You would be wrong. The movie is largely a Morgan Spurlockish (Spurlockesque?) gimmick, as Niedzviecki agrees to set up camera around his house to monitor him 24 hours a day, driving himself and his family slowly insane. The reasoning behind this is: “How can I say that the peep culture is wrong if I don’t try it myself?” How can I say that eating nothing but McDonald’s every day is wrong if I don’t try it myself? To be fair, he does travel and speak to some people who are big players in the phenomenon. There’s a man named Justin, your typical LifeCaster; there’s a girl who is an artist but posts nude photos on the internet because it attracts more attention to her art; there’s a woman who lost some 400 pounds and kept a blog about it which remains popular to this day. But do these people really have anything useful to say about the phenomenon, other than to explain the reasons that they themselves put their lives out there for people to see? Their reasoning isn’t particularly insightful; for instance, Justin’s answer seems to boil down to a simply just because. Niedzviecki later joins up with a group of twenty-somethings in a kitchen to discuss the problem, and they spout off such falsely profound truths as: “Gossip has moved online”, “It doesn’t make you a celebrity, but it feels like it”, and “It’s about company, not friendship… who would talk to you if you left?”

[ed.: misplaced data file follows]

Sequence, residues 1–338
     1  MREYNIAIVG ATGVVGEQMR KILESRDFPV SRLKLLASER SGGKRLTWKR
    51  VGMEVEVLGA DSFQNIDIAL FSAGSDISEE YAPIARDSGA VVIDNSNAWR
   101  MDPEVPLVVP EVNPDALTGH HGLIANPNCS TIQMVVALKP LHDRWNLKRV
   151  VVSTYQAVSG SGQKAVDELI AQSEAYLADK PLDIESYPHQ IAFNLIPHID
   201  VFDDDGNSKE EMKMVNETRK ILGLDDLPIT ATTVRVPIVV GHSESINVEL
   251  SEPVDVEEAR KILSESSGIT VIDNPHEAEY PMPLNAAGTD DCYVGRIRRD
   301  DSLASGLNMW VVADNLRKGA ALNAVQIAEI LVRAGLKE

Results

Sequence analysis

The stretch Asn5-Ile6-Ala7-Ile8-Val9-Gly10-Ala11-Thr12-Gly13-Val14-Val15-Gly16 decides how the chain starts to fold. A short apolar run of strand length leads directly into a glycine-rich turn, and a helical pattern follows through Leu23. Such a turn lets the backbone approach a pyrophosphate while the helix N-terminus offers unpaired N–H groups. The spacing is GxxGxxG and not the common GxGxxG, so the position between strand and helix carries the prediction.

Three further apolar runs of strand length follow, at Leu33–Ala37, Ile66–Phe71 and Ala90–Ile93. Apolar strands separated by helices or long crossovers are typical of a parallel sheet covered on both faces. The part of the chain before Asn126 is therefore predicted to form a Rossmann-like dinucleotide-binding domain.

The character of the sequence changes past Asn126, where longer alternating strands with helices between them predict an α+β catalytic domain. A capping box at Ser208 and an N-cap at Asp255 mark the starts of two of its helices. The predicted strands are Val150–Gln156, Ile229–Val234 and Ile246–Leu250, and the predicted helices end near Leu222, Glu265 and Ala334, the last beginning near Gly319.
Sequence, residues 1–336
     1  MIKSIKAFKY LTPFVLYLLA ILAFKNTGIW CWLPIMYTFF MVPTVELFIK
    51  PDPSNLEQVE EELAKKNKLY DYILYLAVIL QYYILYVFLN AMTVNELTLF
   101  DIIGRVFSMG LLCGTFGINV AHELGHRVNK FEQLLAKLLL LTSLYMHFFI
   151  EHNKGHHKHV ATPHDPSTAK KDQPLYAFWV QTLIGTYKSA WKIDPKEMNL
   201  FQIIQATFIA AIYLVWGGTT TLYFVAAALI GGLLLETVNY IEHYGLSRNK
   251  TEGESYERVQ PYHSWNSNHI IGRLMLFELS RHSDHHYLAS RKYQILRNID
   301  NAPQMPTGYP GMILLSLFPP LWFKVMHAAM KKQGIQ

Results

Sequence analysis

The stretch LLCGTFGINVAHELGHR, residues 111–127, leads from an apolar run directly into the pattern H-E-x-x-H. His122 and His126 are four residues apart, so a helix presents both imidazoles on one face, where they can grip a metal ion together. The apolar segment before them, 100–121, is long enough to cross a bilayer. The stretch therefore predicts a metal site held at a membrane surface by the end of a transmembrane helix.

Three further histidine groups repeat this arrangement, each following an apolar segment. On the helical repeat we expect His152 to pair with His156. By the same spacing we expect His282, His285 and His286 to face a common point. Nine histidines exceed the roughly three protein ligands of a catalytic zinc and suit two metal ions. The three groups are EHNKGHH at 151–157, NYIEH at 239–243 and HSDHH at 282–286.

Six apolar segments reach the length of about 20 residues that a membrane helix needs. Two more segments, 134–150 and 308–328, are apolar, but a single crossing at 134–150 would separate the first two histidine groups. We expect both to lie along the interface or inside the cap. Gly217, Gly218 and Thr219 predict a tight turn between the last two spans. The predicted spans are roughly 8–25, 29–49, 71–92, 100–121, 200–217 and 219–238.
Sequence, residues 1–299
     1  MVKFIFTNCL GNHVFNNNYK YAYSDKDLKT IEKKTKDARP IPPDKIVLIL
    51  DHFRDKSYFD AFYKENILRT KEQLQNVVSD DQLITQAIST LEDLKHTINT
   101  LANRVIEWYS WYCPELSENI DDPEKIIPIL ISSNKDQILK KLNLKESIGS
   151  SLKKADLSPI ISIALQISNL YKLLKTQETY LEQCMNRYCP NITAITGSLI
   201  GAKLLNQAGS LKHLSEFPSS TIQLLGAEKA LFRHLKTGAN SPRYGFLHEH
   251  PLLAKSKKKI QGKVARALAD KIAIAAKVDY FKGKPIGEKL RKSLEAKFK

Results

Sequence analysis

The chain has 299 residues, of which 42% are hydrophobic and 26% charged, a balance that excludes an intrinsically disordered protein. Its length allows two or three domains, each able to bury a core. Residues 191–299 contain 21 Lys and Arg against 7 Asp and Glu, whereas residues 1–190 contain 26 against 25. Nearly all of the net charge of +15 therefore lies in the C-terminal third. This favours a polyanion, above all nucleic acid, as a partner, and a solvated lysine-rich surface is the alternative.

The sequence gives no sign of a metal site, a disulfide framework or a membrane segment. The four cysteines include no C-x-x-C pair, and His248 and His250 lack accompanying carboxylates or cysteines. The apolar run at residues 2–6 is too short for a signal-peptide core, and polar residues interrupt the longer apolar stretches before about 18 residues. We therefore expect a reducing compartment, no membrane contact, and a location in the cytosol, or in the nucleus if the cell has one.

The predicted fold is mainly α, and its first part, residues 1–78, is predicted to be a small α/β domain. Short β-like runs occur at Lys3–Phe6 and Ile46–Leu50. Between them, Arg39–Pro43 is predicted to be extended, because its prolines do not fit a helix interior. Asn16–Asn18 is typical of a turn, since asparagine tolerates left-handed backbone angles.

Then, to prove that he’s really serious about this project, Niedzviecki attends a camp for wannabe reality television stars. The camp teaches you how to find your inner character without inventing a character – how to find the essential, dramatic aspects of your own personality to accentuate them for the camera. Hilarious, right? But what does it mean? Sure, it’s a gas to watch people sitting around thinking about how to brand themselves so that they stand out in a crowd of nobodies, and sure it’s hysterical to watch a production team view a video of our narrator and discuss the pros and cons of why he should be on reality television, but is there really any deeper truth here? Are we any closer to determining why I have access to a photo from Ben Savage’s nephew’s birthday party? It doesn’t seem like it.
There is an attempt at providing some kind of metaphorical Jerry Springer final thoughts about the subject late in the game. Niedzviecki talks about a video he once saw of a streaker being tased by police officers while a group of gawkers gathered around in a circle. He talks about how disturbing the video was, not for the action of the authorities, but because of the way that everybody watched as though it was not a big deal. They took video with their camera-phones, they texted each other about it, it felt so commonplace. So is “peep culture” about becoming desensitized somehow? That was never addressed previously in the film, am I just misinterpreting the meaning here?
Peep Culture takes a fascinating concept and goes nowhere with it. The film is ultimately very shallow, hardly scratching the surface of what’s driven this massive shift in human communication. Rather than showing our narrator playing games and making jokes, the film would have benefited from interviews with scholars who have studied the subject – anthropologists, sociologists, neurologists… not some drunk kids in a kitchen.
The movie wanted to be about the social network, but in the end it does not work.